The McLaren M4A Formula 2 car was designed by Robin Herd and announced in early 1967. It was to be built by Lambretta-Trojan. The M4B was the Trojan production car for the American Formula B racing series. Between 1967 and 1968, there were twenty-five examples of the M4 built.
The M4B had a ten gallon fuel tank on either side of the cockpit with an additional 5 gallons in a seat back tank. The car had a bathtub monocoque formed from aluminum paneling which was attached to four steel bulkheads. The nose and cockpit were clothed in fiberglass. At all four corners were McLaren Elva cast magnesium wheels that measured thirteen inches high and seven-inches wide.
The McLaren M4B was designed by Robin Herd and developed from one of the M4A cars. It was McLaren's second F1 championship contender and it contested two world championship races. It also raced at several other events. Powering the M4B was a 2.1-liter BRM V8, which helped it score three points in its short-lived competition career. All of the points were scored at the second championship race at Monaco.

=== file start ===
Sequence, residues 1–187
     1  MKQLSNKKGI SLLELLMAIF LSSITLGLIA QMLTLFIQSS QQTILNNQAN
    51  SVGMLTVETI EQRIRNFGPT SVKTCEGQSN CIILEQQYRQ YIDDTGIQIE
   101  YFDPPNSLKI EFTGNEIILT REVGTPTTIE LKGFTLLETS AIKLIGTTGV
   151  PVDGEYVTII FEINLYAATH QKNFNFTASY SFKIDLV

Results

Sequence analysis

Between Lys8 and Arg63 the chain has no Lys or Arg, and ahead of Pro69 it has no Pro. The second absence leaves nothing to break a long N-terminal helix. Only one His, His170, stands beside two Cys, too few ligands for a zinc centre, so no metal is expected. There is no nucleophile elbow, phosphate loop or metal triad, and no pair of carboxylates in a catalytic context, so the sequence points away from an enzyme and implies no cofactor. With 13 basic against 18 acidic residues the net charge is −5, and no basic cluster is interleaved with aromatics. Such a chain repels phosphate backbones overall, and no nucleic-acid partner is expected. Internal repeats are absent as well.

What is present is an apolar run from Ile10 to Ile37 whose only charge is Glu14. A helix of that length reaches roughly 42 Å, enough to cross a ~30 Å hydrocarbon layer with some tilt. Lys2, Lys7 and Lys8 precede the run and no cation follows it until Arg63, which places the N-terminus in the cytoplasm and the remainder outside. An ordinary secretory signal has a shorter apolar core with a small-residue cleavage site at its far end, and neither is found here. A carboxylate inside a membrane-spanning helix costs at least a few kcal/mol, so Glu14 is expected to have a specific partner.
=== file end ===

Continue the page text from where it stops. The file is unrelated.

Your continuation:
The M4B was an improved version of the M4A Formula Two car with a larger engine and fuel tanks. It made its racing debut in the 1967 Race of Champions at Brand Hatch. The car showed tremendous promise, but after missing a gear while shifting, Bruce had to retire prematurely from the race due to engine failure. At the Spring Trophy at Oulton Park, McLaren finished in fifth place in both heats of the race. He scored another fifth in the International Trophy at Silverstone.
The cars Grand Prix racing debut was at the Monaco Grand Prix where Bruce may have finished in either second or third had it not been a problem with the batter that caused him to pit for a new one. This cost him two places; he finished fourth.
At the next event, the Dutch Grand Prix, the M4B was outclassed by a field that was powered by a new Cosworth DFV engine. Bruce finished 14th in qualifying. One the second lap of the race, Bruce crashed out, ruining the only M4B. The car was later repaired, but it caught fire during a test at Goodwood and was written off.
For the 1967 season, McLaren introduced their next F1 contender, the M5A.
By Daniel Vaughan | Jul 2011
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